Campaign launched to address the mental side of drought
IT IS a plan to help them help themselves.
On Friday, 79% of Queensland was formally drought-stricken, the largest area ever recorded.
Parts of the Sunshine Coast, Gympie, Gladstone, Toowoomba, Southern Downs and Western Downs are now on the list and eligible for financial help from the state government.
In New South Wales, the drought is ravaging much of the state's top half beyond the coastline now qualifying for emergency drought support.
But months before these latest Queensland declarations, UnitingcareCommunity's Paul Norton began travelling to some of the state's most remote centres.
As part of a greater campaign to help communities better understand and recognise mental health issues, particularly for areas in crisis, the trainer went to work.
Since the end of November, he has helped UCC hold these workshops 22 times - a further 15 will be held over the next three months.
Mr Norton said while services can be scarce for those needing emotional help in these isolated pockets, rural communities can often be their own safety net.
"The people in the community know better than anybody who may be doing it tough, much better than someone from the outside," he said.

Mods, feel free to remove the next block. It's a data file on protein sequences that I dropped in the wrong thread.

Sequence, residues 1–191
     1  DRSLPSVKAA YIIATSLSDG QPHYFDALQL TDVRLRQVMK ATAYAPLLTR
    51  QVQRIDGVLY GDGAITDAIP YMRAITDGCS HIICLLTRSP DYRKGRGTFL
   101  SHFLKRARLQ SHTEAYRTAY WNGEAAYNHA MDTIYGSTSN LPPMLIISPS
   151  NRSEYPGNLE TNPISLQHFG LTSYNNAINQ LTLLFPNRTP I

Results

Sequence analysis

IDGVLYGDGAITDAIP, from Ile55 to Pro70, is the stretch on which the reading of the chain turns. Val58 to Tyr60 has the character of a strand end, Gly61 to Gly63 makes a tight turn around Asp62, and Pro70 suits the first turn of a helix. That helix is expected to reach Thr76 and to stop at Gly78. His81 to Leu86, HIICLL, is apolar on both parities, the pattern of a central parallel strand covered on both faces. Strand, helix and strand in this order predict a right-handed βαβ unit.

"I think it's always been the way.
"They know the realities, they know who is in trouble and they know who needs support."
The goal is to help the community learn more about what to look for, know who could be at risk and maybe suggest some help.
For many it was a relief to know how to recognise those needing hep, rather than worry about everyone.
"You can't help someone when you can't recognise it," Mr Norton said.
"(The community) is less likely to be going around generally concerned when they can say, 'I know that this is something to be worried about'."
In coming weeks, UCC will visit the Queensland towns of Winton, Longreach, Barcaldine, Emerald, Clermont, Roma, and Tambo.